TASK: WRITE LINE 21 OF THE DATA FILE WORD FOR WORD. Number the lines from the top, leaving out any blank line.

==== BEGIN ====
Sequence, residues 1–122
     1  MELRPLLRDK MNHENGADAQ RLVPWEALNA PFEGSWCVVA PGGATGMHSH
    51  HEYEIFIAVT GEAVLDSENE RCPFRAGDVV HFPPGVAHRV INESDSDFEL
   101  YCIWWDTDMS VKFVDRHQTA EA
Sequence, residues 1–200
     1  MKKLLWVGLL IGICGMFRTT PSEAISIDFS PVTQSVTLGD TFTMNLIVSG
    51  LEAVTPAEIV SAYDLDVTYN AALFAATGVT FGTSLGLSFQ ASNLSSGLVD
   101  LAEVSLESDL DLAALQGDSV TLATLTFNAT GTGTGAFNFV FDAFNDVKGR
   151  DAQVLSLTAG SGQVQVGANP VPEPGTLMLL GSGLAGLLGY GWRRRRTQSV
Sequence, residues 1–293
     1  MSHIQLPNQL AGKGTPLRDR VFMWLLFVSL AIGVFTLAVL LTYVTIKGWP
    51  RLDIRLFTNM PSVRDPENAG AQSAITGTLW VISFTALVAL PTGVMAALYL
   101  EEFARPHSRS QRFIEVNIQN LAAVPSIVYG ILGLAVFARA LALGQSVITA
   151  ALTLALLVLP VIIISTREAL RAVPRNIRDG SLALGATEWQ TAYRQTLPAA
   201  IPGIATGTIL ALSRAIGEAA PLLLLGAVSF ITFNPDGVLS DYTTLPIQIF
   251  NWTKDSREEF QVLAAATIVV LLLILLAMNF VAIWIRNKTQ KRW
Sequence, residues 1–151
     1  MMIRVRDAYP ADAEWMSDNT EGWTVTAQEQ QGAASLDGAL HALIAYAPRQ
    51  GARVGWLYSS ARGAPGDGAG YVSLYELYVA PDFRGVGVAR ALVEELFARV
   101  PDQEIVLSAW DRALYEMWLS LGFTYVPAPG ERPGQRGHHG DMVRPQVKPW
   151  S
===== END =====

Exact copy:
   151  S